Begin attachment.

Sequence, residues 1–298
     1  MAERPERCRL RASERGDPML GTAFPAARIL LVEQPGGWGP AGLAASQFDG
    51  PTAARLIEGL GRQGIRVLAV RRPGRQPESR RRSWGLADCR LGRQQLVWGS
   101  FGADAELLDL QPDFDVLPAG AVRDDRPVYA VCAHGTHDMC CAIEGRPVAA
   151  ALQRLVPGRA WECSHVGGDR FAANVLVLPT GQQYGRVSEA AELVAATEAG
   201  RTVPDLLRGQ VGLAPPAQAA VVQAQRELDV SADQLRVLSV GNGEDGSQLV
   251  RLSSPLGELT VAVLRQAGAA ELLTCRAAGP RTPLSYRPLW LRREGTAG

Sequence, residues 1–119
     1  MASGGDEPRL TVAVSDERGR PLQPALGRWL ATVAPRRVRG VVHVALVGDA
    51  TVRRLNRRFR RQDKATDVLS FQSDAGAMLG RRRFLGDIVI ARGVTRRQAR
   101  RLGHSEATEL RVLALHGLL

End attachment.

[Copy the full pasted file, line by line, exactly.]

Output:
Sequence, residues 1–298
     1  MAERPERCRL RASERGDPML GTAFPAARIL LVEQPGGWGP AGLAASQFDG
    51  PTAARLIEGL GRQGIRVLAV RRPGRQPESR RRSWGLADCR LGRQQLVWGS
   101  FGADAELLDL QPDFDVLPAG AVRDDRPVYA VCAHGTHDMC CAIEGRPVAA
   151  ALQRLVPGRA WECSHVGGDR FAANVLVLPT GQQYGRVSEA AELVAATEAG
   201  RTVPDLLRGQ VGLAPPAQAA VVQAQRELDV SADQLRVLSV GNGEDGSQLV
   251  RLSSPLGELT VAVLRQAGAA ELLTCRAAGP RTPLSYRPLW LRREGTAG

Sequence, residues 1–119
     1  MASGGDEPRL TVAVSDERGR PLQPALGRWL ATVAPRRVRG VVHVALVGDA
    51  TVRRLNRRFR RQDKATDVLS FQSDAGAMLG RRRFLGDIVI ARGVTRRQAR
   101  RLGHSEATEL RVLALHGLL